• BRIEF DESCRIPTION OF THE DRAWINGS
  • [0009]
    FIG. 1 shows a diagram illustrating some of the various audio sources used to produce the subliminal audio burglar deterrent according to the present invention.
  • DETAILED DESCRIPTION OF THE INVENTION
  • [0010]
    While this invention is susceptible of embodiment in many different forms, there is shown In the drawings and will herein be described in detail, a preferred embodiment with the understanding that the present disclosure should be considered as an exemplification of the principles of the invention and is not intended to limit the invention to the embodiment so illustrated.
  • [0011]
    A preferred embodiment of the subliminal audio burglar deterrent system includes a playback system having common audio components such as loudspeakers, amplifier, and a signal source (i.e. a hard drive, a compact disk (CD) player, digital video/versatile disk (DVD), AM/FM tuner, etc.) providing line signal output to the amplifier. The signal source in a preferred embodiment comprises a compact disk player capable of playing at least one compact disk containing pre-recorded audible sounds. The sound system preferably is a conventional sound reproduction system. The equipment may be small, hidden or at least unobtrusively placed, so as to enhance the effect that the sounds are indeed ambient, and not from a particular, artificial, source.
  • [0012]
    In a preferred embodiment, the compact disk contains recordings of various household and/or office noises, including sounds selected from such common, everyday sounds such as a vacuum cleaner being used, a blender being used, footsteps, doors opening and closing, cutlery being used, a dog growling or barking, chairs being moved, keyboards being used, fax machines and telephones in use, photocopiers being used, knives being sharpened, printers being used, bottles being moved, tableware and crockery being used, electric tooth brush being used, two or more people talking, and builders using common carpentry tools, among others. An examination of FIG. 1 illustrates some of the many household and office noises that might be recorded and placed onto a compact disk or other media compatible with the signal source.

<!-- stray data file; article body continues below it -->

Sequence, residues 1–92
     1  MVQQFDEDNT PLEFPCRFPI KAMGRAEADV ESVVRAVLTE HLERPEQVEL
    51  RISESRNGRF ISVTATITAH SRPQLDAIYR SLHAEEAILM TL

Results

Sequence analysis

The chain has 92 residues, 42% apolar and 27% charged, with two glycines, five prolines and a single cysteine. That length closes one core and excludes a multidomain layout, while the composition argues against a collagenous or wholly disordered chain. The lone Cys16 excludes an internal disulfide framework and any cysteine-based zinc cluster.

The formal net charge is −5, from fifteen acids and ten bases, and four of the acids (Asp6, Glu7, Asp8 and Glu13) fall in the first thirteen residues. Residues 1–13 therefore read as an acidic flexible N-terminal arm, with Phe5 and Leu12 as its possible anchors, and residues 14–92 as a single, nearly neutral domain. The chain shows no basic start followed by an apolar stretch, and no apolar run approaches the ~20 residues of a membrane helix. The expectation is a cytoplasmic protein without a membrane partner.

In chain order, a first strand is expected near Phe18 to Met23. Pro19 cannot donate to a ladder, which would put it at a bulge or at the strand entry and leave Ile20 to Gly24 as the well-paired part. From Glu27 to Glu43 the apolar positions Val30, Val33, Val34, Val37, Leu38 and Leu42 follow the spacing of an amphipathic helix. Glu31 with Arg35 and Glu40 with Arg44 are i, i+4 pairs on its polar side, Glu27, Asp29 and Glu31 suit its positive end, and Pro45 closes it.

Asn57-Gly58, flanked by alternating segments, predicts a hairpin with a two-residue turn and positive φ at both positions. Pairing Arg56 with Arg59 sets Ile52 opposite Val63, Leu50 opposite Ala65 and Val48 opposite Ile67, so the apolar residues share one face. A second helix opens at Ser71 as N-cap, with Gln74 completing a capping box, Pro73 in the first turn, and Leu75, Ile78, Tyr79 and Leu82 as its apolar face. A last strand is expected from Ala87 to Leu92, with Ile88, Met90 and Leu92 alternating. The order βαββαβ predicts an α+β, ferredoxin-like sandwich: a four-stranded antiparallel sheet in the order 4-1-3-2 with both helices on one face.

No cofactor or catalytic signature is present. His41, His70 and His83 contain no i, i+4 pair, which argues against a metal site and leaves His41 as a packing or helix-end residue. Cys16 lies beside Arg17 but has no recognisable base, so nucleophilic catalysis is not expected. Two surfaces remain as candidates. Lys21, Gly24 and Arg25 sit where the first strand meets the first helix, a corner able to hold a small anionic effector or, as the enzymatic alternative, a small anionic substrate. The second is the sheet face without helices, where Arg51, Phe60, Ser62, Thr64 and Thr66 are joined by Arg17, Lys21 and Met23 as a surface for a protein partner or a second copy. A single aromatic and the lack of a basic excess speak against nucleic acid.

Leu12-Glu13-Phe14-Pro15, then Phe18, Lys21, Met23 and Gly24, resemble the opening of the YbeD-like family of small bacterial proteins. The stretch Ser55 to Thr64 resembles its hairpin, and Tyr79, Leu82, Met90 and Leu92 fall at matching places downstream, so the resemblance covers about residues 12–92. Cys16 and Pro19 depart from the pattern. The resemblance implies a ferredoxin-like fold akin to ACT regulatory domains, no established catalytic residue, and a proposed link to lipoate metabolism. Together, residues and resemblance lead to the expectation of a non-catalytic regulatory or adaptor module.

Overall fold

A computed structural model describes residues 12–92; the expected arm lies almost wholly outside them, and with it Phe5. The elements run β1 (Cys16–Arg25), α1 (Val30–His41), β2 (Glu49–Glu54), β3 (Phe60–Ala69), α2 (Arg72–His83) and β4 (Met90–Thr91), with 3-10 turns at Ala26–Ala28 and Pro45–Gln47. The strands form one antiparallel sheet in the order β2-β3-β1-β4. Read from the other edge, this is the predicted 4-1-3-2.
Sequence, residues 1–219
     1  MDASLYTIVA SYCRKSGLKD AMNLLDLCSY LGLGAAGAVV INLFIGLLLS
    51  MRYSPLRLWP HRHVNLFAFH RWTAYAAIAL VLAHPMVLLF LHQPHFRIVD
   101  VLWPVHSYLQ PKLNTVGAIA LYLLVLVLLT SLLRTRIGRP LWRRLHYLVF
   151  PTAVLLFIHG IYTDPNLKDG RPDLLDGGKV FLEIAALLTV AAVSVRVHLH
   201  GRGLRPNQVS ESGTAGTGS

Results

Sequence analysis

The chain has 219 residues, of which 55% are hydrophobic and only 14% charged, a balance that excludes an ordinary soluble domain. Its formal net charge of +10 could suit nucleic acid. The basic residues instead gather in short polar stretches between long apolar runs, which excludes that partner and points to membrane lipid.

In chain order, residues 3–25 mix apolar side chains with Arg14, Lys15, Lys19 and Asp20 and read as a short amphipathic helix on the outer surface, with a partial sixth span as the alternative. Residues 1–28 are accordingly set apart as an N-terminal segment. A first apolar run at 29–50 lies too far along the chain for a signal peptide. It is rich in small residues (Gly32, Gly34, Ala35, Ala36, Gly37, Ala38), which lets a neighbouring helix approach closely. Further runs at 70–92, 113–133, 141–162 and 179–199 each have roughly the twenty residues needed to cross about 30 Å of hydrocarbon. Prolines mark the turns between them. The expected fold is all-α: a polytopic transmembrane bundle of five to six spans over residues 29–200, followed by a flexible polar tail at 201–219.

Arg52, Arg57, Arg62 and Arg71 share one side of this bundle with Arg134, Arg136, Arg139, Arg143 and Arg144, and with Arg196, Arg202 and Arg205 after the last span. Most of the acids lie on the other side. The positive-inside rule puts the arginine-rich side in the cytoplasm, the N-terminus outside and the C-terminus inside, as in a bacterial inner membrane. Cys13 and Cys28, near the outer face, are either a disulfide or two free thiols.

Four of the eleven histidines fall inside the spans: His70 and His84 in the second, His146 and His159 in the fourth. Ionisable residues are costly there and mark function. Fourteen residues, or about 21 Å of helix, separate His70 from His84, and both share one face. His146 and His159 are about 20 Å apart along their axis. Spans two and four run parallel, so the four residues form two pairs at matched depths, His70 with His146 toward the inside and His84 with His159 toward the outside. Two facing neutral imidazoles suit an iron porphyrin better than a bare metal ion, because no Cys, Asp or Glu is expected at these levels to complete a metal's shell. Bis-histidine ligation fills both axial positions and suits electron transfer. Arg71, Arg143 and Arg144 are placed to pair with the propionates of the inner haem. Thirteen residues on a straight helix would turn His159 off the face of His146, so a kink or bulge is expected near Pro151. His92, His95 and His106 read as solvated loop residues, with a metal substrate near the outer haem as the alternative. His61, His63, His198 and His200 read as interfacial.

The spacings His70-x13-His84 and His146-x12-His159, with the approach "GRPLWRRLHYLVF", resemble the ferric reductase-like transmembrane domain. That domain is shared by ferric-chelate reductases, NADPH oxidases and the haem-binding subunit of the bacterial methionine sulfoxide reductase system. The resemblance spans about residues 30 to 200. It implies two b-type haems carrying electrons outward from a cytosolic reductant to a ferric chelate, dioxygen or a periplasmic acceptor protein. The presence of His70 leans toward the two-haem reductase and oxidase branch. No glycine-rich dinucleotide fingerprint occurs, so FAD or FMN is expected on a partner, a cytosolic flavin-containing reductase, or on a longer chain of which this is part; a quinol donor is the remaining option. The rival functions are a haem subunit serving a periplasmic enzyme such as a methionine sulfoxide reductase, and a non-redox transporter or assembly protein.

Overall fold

• [0013]
    In a preferred embodiment, the household or office noises that are actually recorded are chosen on the basis that they can only be made by people or animals in attendance and not by machinery left to run unattended. In addition, these noises are also dynamic sounds which reproduce effectively on small (“modest”) sound systems, utilizing midrange and high audible frequencies (i.e. frequencies typically above 300 Hz up to approximately 20,000 Hz), recorded without any electronic compression, for maximum realism upon playback.
  • [0014]
    In a preferred embodiment of the present invention, the compact disk player and/or the compact disk itself is configured to play the prerecorded household or office noises endlessly so as to never exceed a 10 second period of silence. Preferably, the length of the recording of uninterrupted, non-repeating content will be sufficiently great that under normal circumstances, an intruder will be prompted to leave the premises, long before the recording repeats itself. A modern compact disk has a maximum recording length of about 70 minutes. Presumably, upon exposure to the deterrent messages, an intruder would be prompted to leave the premises long before such a period lapses.